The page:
«PacifiCare’s medical management guidelines represent the recommendation of the PacifiCare Medical Management Guideline (MMG) committee. They are ...»
Costa et al. evaluated 992 women who underwent Pap smears and simultaneous cervicography and HPV DNA testing (Costa, 2000). Colposcopy was used as a reference tool. The combination of Pap testing and cervicography resulted in an increase of sensitivity but a decrease in specificity.
Moscicki et al. compared cytology with cervicography in 334 HIV-infected and uninfected adolescent females (Moscicki, 2003). Although the sensitivity of a single Pap smear increased when cervicography was used as an adjunct test, a low positive predictive value (33% and 15% for the HIV-infected and uninfected group, respectively) suggests that cervicography has limited use for screening in high-risk adolescents.
A study was performed to determine whether cervicography and HPV testing would improve the detection of CIN 2 or 3 in 304 women with low-grade cytologic lesions (Howard, 2004). The sensitivity of cytology for identifying CIN 2 or 3 was 73% and increased by 22% to 95% with the addition of cervicography. These gains were reduced to 8% and 11% above the sensitivities expected if the additional test were performed randomly. The authors concluded that HPV testing or cervicography provide similar gains in sensitivity, but this can be misleading if chance increases are not taken into account.
Cervical cancer is a leading cause of cancer-associated death in women of the developing world and in low-resource settings, where successful cervical cancer screening programs have been difficult to implement. Cronje et al. compared the results of 4 screening methods (cytologic examination, cervicography, direct acetic acid test, and speculoscopy) with the results of histological examination in 1286 women (Cronje, 2003). The investigators concluded that these screening methods were not individually suited for screening in developing countries because of the low sensitivity of cytology and the low specificity of the other tests. Cervicography demonstrated a sensitivity of 49% and a specificity of 88%. Denny et al. reported on 2-stage cervical screening of 1423 women in South Africa (Denny, 2000). Direct visual inspection, cytologic testing, HPV deoxyribonucleic acid testing, and cervicography when used alone, detected 24, 26, 23, and 23 cases of disease per 1000 women respectively. Two-stage screening with direct visual inspection performed first, followed by cytologic testing, HPV deoxyribonucleic acid testing, or cervicography detected 18, 16, and 18 cases per 1000 women respectively and reduced the number of women without disease who were classified as having abnormal results. Another study of 264 patients in rural Georgia concluded that telecolposcopy detected more cervical neoplasms than cervicography (Ferris, 2003). DeVuyst et al.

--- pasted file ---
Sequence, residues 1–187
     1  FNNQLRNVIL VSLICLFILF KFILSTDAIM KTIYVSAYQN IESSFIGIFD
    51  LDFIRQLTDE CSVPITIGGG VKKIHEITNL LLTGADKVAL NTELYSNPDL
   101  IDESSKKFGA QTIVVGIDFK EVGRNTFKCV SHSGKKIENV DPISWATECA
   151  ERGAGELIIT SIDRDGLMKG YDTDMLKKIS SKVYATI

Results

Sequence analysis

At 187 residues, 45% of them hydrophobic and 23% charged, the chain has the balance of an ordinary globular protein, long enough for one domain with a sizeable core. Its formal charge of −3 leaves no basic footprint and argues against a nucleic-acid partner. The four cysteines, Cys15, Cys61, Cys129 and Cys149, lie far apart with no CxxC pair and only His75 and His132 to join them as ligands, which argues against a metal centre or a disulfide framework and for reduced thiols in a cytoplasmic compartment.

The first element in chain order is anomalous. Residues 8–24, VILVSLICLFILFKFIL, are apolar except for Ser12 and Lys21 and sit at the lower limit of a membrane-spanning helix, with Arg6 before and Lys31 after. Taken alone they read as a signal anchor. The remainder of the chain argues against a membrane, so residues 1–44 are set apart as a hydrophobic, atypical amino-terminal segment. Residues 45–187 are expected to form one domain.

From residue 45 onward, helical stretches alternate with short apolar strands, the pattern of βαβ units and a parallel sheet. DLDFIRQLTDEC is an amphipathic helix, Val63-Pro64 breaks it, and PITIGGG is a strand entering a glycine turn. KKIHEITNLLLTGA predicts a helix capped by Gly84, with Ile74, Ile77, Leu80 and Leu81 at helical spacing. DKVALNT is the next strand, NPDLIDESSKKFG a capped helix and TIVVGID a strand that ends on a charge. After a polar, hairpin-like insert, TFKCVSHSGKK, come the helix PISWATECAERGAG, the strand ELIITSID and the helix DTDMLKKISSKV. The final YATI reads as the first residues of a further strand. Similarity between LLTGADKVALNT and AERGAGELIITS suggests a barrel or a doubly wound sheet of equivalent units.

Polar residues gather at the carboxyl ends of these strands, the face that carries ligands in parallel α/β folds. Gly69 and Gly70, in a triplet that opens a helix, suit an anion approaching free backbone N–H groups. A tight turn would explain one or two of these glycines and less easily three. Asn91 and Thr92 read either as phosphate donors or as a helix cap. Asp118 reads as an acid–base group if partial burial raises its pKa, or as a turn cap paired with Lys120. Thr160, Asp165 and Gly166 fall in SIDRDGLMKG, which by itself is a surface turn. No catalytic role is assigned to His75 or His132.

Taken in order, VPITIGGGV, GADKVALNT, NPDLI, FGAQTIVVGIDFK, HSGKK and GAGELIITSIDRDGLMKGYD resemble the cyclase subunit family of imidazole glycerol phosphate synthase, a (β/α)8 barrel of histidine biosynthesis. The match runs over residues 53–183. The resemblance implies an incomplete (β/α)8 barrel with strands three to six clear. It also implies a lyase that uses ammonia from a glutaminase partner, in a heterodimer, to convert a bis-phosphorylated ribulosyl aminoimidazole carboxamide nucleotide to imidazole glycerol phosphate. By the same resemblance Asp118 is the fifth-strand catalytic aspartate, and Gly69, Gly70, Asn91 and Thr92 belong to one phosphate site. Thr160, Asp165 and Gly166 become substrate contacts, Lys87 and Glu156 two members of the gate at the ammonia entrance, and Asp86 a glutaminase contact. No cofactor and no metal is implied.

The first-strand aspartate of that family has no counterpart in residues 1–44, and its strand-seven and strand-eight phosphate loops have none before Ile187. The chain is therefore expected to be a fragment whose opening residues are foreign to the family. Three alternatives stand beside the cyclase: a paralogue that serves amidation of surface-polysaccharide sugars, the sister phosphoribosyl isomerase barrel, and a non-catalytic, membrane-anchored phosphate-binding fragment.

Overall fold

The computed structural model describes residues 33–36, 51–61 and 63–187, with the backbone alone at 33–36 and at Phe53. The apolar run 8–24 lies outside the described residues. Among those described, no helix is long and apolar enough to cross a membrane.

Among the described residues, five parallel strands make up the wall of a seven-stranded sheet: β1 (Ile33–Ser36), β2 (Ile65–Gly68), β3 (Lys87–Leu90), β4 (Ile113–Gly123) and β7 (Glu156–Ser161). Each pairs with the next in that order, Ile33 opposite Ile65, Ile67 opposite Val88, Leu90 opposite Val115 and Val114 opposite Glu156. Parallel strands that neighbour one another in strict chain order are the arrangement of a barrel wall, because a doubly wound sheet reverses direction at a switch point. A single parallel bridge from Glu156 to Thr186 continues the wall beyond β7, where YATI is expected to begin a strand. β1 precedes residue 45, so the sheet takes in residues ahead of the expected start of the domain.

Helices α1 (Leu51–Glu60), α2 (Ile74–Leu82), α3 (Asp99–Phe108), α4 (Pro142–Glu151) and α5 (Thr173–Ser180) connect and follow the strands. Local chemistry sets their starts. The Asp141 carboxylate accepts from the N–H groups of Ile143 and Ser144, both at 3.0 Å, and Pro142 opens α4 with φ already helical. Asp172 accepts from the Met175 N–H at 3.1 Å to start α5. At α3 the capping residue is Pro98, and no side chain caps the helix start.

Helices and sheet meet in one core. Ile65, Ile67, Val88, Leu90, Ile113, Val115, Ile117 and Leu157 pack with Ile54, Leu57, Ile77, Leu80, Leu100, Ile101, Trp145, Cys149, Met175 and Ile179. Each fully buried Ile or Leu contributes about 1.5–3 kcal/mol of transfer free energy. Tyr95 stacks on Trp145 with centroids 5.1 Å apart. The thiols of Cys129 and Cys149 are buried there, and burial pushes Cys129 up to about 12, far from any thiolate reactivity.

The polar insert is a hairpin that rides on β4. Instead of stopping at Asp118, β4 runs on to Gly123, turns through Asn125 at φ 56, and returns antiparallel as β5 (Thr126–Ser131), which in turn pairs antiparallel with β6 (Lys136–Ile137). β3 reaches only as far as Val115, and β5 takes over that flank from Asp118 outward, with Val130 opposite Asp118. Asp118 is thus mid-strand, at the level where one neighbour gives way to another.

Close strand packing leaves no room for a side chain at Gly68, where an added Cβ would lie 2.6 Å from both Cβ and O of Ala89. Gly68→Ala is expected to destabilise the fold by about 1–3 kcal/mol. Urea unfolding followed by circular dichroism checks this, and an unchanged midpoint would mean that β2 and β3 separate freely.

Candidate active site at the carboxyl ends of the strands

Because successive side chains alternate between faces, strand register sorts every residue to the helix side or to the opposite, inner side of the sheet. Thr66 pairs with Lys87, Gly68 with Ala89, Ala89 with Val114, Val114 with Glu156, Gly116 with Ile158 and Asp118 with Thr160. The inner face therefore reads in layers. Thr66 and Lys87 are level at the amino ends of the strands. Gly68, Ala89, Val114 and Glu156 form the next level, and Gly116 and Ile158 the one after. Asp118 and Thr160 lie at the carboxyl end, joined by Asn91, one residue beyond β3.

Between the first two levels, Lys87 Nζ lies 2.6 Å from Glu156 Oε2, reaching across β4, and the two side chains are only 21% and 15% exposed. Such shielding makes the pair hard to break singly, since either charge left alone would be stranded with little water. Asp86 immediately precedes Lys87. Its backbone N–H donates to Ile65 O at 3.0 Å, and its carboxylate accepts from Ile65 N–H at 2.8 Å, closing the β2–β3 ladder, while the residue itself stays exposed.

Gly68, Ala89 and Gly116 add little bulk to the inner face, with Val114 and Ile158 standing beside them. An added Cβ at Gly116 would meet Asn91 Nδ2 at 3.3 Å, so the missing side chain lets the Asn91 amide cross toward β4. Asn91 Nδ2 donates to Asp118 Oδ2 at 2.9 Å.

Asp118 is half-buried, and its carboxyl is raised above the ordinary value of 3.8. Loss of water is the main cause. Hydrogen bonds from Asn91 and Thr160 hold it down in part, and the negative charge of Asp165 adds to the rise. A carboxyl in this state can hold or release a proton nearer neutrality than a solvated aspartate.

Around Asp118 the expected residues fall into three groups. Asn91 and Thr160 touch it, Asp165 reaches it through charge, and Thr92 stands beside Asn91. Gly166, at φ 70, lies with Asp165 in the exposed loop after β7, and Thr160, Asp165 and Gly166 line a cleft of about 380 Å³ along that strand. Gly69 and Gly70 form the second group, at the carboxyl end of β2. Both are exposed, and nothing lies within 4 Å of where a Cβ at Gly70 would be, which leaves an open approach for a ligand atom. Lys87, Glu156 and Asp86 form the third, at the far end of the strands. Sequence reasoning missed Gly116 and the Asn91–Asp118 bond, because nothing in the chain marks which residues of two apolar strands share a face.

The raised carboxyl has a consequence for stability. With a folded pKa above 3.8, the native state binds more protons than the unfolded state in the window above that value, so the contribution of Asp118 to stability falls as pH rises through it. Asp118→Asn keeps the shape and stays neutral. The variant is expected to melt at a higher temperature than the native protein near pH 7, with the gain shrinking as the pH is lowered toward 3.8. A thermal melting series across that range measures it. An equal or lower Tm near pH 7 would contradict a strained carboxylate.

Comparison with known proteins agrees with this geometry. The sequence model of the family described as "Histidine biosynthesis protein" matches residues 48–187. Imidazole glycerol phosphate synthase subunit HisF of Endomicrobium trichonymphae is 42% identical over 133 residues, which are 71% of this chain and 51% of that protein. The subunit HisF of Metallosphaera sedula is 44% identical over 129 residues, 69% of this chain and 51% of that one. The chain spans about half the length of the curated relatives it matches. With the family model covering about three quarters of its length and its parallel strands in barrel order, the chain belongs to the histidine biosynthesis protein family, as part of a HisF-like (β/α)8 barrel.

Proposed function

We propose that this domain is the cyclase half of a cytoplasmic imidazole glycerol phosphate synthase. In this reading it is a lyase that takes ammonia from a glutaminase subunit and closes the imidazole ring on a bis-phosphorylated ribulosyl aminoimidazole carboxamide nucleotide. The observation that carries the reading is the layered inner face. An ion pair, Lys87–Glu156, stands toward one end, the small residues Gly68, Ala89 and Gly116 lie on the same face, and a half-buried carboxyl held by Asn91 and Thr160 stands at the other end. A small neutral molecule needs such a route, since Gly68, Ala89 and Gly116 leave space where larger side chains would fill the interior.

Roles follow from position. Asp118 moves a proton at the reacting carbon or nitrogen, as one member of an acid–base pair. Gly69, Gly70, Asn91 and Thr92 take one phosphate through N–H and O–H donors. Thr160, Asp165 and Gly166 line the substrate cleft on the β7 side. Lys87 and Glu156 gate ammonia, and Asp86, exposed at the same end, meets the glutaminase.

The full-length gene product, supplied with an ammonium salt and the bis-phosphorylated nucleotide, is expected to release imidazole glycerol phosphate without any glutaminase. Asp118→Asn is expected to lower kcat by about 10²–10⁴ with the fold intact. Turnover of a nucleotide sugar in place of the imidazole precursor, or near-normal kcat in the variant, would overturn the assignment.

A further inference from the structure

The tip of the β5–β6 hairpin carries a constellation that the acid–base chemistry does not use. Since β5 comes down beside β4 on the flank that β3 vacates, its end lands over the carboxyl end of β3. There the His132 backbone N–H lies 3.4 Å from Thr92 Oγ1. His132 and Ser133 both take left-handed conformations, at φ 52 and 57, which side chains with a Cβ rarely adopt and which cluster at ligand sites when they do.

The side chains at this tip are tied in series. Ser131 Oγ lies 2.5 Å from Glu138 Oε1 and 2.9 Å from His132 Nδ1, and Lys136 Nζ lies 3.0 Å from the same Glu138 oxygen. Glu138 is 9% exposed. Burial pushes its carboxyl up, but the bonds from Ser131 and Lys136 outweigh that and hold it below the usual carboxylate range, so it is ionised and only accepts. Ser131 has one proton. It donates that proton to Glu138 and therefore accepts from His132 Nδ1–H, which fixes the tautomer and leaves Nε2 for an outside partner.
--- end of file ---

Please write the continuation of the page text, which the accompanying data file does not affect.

evaluated the quality of 4 screening methods to detect CIN in 653 women in an urban African setting (De Vuyst, 2005).
They found that the Pap smear had the highest specificity (95%) and HPV testing had the highest sensitivity (94%). Visual inspection with acetic acid (VIA) and cervicography demonstrated accuracy between the former two tests.
In a study by Bomfim et al., 1292 women were submitted to both cytological and VIA tests to obtain a sample of 301 positive VIA cases (23.3%) which have had the Digital Cervicography (DC) taken and evaluated (Bomfim, 2006). Just cases considered positive by DC (149/301 cases--49.5%) and/or positive Pap smear tests were referred to colposcopy and biopsy whenever indicated. The results showed that the cervical smear was positive in 5.4%, including LSIL (4%), HSIL (1%) and one case of invasive cancer (0.4%), and 1.6% of ASCUS or AGUS). DC identified 81 positive cases (74 LSIL; 5 HSIL; 2 cancers). The sensitivity of cytology was 14.8%, and the DC was 100%. Corresponding specificities were 95.4% and 69.1%, respectively. The NPV and PPV for DC were 100% and 54.4%. That study concluded that DC increases sensitivity, specificity and positive predictive value of VIA, becoming a valid adjunctive screening test for cervical cancer in low resource settings.
Cervical Cancer Screening - Commercial Medical Management Guideline Professional Societies and Organizations United States Preventive Services Task Force (USPSTF): According to a 1996 report from the USPSTF, cervicography compares in sensitivity to the Pap smear (approximately 60%); however, it demonstrates a lower specificity (approximately 50%). This conclusion was based on a combination of studies that were conducted in 1985 to 1993. It was concluded that there was insufficient evidence to recommend for or against routine cervicography (or colposcopy) screening for cervical cancer in asymptomatic women. (USPSTF, 1996) American College of Obstetricians and Gynecologists (ACOG): Currently ACOG does not have a guideline that addresses the use of cervicography.